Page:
Han Von Luck was in almost all the theaters of the war. The invasion of France, North Africa, Invasion of Russia, then Normandy and defense of Berlin. He takes you though the battles and politics of the war. Von luck was not a Nazi, but had to live with the insanity of the war and prison in Russia. He was an exceptional man who was not bitter after years of war with limited supplies, and then he endured years of captivity in the Russian coal mines including a punishment camp. Yet he has good things to say about everyone, North Africans, the allies and even the Russians. He was later released and was not able to get a good job since he was a war officer. He endured all over a decade, and kept his spirits and head up. He is an example of a great spirit, a survivor, and a man of character. Someone to look up to.
Amazing story to save lives and deceive the Nazi's. I usually like books with dialogue but this is primarily narration, but it is an excellent read (listen). I had to stop it and re-listen as it moves quickly, and I wanted to keep informed on all the details. The attention to detail in order to decieve was amazing and I applaud the author for his research. Other books have been written and even a movie on another book which I saw(The Man Who Never Was). The movie was not even close to the real story. I highly recommend this if your interests involve the war(s), and spys. It is a precursor to James Bond, as Flemming plays a role in the deception.
This was an amazing true story. Great detail by the author, and I felt I was there with the Rangers. Narration was dry in the beginning, but once the story unfolded the narrator was ideal. If you like war stories this is a winner.
Phlegm, Bile, Black Blood and Red Blood. My God! How did we ever make it as a race let alone a country? That little tie bit is just a taste of some of the rocks Mr. Philbrick has overturned to give us the story behind Bunker Hill and the hardships the American Patriots overcame to become the United States. People like (Dr.) Warren, and Church, Washington and Adams as well as countless other took on the 18th century just as ardent as the themselves. The redcoats were really no match then, were they?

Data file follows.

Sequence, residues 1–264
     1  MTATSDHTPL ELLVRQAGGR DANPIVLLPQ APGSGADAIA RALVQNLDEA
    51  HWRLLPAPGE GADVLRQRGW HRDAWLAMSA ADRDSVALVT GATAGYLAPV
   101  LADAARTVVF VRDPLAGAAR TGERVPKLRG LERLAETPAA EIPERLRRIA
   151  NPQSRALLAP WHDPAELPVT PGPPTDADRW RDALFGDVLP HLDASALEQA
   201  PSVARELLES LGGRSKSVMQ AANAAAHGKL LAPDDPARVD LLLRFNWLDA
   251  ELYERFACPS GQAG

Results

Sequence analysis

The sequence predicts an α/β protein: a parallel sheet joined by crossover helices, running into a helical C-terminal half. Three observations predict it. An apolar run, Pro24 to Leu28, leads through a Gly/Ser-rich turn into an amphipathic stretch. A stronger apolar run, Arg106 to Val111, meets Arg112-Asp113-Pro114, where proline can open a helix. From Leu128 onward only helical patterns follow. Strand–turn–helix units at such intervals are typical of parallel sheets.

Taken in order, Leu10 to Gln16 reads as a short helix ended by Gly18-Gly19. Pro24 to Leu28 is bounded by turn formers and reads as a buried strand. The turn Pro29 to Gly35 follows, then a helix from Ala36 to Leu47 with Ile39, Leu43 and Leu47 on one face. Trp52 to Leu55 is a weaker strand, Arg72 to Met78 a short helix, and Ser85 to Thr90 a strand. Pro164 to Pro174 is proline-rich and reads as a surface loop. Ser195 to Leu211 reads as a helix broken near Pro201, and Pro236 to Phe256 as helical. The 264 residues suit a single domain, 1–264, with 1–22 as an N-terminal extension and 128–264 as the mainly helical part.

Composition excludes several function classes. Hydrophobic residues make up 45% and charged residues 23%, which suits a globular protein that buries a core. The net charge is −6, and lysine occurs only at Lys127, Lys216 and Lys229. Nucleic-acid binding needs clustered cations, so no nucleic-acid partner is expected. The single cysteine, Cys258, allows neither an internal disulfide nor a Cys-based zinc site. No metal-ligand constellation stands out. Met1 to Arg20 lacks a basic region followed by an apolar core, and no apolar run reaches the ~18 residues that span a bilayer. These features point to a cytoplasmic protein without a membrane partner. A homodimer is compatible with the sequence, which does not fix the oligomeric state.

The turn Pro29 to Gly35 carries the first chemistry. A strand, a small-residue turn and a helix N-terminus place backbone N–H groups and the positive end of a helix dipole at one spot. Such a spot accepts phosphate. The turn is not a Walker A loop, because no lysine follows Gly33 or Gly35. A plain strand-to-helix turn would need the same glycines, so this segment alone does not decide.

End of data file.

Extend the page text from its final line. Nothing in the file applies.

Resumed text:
I'm never disappointed when I read a Philbrick book. Whether he tells of the wooden whaling ships on the high seas or the same on an expedition. The story behind the Mayflower or Custer's last stand, he never lets the reader down. Bunker Hill is just another fine example of the writer sharing a story in a way that makes sense to the reader without dumbing it down, and without the endless ramble of how we got from page 1 to page 2..
This book was enjoyable, finishing it in about a weekend. And a big part of that goes to Mr. Chris Sorenson whose even tone and inflection made the book even easier to read/listen to. For a moment, I thought I was hearing Dylan Baker (Steve Jobs) which I read/listened to 3 times. Very easy on the ears. Well done!
This book is a credit well spent, and well worth the 12 hours to hear. Traveling in a few weeks, I may pop it in again!